Berbers live on in Morocco’s Atlas Mountains
IMILCHIL, Morocco (AP) — Deep in Morocco’s Atlas Mountains, the ancient Berbers live on, defying a harsh environment and loyal to their traditions and way of life in some of the most hard-to-reach parts of the African continent.
Indomitable and proud, they call themselves the Amazigh, which is believed to mean “free people” or “noble men,” and trace their origins as an indigenous people in western North Africa to at least 10,000 B.C.
They dislike the term Berbers, which stems from Latin and which they find insulting. They are among the many peoples the Romans called Barbarians but they became the stuff of legends, giving the world famous names such as the medieval explorer Ibn Battuta, who travelled further in distance than Marco Polo.
Their home is the majestic Atlas, the largest mountain range in Africa. Amazigh villages are scattered across arid desert landscapes with burnt-orange rock, occasionally dotted with lush green slopes and surrounded by snow-capped peaks.
Across North Africa, the Berbers number about 50 million. At least 15 million Moroccans are Amazigh, divided into different groups according to their dialects. While they speak the native Amazigh language of Tamazight, which has a large number of dialects and recently gained recognition as an official language in Morocco, many have adopted Arabic as part of a long process of Arabization and Islamization.
Today they rely on cattle and agriculture as their main sources of income and maintain a nomadic lifestyle closely resembling that of their ancestors. Some live in clay houses with no electricity or running water while a few still dwell with their sheep and goats in remote mountain caves. Others live closer to the towns at the Atlas foothills, benefiting from modern amenities.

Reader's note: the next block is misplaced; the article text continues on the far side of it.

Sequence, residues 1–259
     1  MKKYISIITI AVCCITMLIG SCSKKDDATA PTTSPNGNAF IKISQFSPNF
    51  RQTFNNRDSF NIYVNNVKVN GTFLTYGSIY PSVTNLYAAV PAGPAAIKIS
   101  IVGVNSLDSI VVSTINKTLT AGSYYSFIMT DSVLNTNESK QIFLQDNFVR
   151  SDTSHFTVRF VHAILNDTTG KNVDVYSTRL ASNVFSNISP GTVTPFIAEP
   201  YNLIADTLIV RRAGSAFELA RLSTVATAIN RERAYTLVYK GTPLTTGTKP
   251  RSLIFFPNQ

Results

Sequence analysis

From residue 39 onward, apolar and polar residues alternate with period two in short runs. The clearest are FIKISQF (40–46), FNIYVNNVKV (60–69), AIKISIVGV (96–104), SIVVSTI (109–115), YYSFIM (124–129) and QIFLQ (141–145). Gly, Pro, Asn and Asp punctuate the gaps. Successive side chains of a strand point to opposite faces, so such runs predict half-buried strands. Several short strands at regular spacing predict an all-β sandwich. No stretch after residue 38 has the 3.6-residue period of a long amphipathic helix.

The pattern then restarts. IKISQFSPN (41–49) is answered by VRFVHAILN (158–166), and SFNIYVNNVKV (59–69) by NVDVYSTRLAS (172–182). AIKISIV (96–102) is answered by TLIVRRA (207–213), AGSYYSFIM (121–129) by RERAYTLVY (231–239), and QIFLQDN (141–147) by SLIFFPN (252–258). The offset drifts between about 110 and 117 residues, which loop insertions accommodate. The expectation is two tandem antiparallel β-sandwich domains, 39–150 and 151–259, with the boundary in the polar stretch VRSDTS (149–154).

For much of the year, they face extreme weather conditions. The mountains are covered in snow in winter, and in summer, the sun scorches what little crops they grow. When the streams empty out during the dry season, the community bands together to dig underground water wells for irrigation.
Many Amazigh own mountain donkeys, often the only mode of transport across the rocky, unpaved roads that connect Berber villages.
That isolation has dashed 26-year-old Mohammed Tamejout’s hopes of finding a job away from home. He studied geography at the university in the Atlas city of Ouarzazate, expecting the degree would lead to a job. But three years after graduating, he remains unemployed and works on his family’s farm in Imilchil, surrounded by almond trees.
When the trees bloom, the farm becomes a sea of cotton-white almond blossoms amid green pastures. Mohammed says the idyllic scene doesn’t touch him.
“There’s no future for me here. If I don’t move to the city, I’ll remain a farmer for the rest of my life,” he said.